Never Go Back

Never Go Back

4.4 5
by Robert Goddard

View All Available Formats & Editions

In the spellbinding new mystery by the master of “the clever twist,” a group of ex-RAF comrades journey to a Scottish castle for a reunion. But by the time they reach their destination, two of them are dead.

Harry Barnett is leading a contented life in Vancouver with his wife and daughter when he is brought back to England by the death of his mother.

…  See more details below


In the spellbinding new mystery by the master of “the clever twist,” a group of ex-RAF comrades journey to a Scottish castle for a reunion. But by the time they reach their destination, two of them are dead.

Harry Barnett is leading a contented life in Vancouver with his wife and daughter when he is brought back to England by the death of his mother. He intends to spend just a few days sorting out her affairs when a chance meeting he will regret for the rest of his life makes him change his plans. Two old acquaintances from his National Service days track Harry down to his mother’s house — the last address they had for him. A lavish reunion has been organized to mark the fiftieth anniversary of their RAF days. Harry decides to go.

During the war, Harry and his fellow RAF conscripts spent three months in a Scottish castle where they acted as guinea pigs in a psychological experiment. The reunion is to take place in the same castle. It will be a chance to see friends, settle old scores and lay a few ghosts to rest.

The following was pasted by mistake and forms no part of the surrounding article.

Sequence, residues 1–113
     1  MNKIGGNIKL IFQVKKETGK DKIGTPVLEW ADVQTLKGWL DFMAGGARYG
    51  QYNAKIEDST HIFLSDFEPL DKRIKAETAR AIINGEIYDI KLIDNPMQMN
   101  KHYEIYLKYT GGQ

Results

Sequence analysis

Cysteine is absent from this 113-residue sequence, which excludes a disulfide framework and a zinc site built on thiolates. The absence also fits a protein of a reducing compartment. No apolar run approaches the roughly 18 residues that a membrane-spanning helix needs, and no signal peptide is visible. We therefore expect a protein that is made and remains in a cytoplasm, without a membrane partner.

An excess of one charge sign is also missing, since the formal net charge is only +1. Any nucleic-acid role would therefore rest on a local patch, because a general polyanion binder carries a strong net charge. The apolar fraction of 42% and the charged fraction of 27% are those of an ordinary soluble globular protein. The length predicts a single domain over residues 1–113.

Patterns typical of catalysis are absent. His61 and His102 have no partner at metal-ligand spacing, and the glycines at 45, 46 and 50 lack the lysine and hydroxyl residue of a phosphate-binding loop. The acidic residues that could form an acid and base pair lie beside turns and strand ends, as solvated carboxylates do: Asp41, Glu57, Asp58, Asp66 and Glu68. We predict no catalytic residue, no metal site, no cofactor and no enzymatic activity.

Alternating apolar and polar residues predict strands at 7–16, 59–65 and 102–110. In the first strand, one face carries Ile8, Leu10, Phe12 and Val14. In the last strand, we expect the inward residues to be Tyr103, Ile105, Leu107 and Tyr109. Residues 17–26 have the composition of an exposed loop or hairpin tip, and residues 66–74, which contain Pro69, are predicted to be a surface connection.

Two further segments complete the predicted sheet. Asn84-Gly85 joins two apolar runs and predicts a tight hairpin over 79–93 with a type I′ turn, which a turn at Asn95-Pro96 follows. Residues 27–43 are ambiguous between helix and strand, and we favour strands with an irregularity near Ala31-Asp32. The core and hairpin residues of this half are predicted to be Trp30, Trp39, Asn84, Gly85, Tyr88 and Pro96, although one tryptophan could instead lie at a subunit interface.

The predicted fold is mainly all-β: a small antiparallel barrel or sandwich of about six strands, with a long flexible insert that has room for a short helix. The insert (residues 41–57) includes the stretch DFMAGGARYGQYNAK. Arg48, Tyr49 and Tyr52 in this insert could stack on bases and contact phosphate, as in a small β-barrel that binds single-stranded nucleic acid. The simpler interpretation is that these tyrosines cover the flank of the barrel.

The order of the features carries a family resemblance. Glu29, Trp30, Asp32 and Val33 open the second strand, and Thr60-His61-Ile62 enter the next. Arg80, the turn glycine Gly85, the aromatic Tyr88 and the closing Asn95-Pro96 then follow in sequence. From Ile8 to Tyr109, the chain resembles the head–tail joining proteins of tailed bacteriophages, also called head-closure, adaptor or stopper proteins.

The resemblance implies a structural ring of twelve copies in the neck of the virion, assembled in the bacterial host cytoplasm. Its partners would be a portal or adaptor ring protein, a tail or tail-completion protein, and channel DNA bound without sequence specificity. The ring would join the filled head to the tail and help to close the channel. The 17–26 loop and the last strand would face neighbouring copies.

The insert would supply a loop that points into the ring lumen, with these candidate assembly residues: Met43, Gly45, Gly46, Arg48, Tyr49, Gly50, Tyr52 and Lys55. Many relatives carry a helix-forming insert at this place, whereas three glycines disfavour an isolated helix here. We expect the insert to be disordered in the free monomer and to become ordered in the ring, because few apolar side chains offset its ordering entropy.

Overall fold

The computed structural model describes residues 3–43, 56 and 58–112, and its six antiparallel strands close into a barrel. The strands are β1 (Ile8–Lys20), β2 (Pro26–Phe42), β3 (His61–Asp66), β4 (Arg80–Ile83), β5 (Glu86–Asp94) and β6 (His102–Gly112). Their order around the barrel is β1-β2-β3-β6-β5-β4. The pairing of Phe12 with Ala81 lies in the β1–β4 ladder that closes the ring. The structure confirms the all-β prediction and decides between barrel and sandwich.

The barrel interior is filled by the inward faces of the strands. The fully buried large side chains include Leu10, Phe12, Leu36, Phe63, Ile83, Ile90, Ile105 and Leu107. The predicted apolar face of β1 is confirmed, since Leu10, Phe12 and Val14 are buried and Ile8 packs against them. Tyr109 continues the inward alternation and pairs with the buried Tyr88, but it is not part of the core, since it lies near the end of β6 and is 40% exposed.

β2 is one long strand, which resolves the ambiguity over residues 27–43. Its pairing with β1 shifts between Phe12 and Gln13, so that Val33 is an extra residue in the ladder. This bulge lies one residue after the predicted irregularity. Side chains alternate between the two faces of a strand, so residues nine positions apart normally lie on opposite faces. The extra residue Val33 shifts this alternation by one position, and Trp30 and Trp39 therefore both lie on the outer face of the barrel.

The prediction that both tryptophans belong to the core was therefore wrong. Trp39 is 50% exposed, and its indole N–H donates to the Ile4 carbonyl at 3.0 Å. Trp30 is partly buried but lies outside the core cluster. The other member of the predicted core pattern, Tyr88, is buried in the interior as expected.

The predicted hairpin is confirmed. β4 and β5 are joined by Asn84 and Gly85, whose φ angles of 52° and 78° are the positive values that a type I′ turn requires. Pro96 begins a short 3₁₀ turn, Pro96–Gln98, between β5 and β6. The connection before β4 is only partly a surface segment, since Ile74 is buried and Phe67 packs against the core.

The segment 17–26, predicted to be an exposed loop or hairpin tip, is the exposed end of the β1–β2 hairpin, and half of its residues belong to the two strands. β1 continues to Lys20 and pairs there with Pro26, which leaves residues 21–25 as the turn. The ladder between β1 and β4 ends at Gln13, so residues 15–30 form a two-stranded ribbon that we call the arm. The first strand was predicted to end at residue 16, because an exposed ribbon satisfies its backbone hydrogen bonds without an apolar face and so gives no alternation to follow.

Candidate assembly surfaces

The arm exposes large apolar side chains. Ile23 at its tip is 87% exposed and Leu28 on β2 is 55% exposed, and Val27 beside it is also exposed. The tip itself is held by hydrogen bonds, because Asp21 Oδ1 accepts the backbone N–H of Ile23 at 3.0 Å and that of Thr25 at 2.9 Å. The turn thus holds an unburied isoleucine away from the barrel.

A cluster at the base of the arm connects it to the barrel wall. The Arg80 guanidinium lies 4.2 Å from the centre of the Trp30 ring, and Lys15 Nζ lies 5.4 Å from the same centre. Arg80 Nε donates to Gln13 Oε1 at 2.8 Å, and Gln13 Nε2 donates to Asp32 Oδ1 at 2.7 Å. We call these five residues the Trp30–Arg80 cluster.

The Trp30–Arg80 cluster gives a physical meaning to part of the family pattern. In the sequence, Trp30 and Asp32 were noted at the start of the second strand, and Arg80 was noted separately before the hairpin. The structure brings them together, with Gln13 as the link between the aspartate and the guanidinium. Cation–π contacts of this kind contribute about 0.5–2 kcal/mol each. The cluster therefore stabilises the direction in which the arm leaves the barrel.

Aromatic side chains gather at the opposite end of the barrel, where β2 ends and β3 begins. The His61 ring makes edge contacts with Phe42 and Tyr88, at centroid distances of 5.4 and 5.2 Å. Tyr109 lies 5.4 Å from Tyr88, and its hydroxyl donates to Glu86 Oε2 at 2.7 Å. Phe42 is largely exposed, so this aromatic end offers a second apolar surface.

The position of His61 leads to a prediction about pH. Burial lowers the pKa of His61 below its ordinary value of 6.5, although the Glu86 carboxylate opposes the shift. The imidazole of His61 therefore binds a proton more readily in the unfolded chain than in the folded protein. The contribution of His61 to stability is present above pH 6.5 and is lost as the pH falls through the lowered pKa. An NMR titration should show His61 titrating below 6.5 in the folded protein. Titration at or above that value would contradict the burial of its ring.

The party begins on the train up to Aberdeen, until the apparent suicide of one of their number shatters the holiday atmosphere. Their arrival in Scotland seems under a cloud, and when another comrade dies soon after their arrival, Harry is gripped by a sense of foreboding. As well, the recollections of the old comrades of their time in the castle are frighteningly different, and unexplained events from 1955 still haunt them. As Harry tries to solve the mystery of what really happened fifty years ago, he uncovers an extraordinary secret that convinces him he will never leave the castle alive.

Read More

Editorial Reviews

Marilyn Stasio
Reunions are always such fun in mystery stories, once the participants start getting themselves murdered, and Goddard is a master of the leisurely, deliberate build from wonder to doubt to suspicion, then on to fear and panic. Resisting the panic part, Harry and Barry put their heads together to find out what really happened to them at the castle, and while we wouldn't wish it on a lab rat, it makes perfect, horrible sense.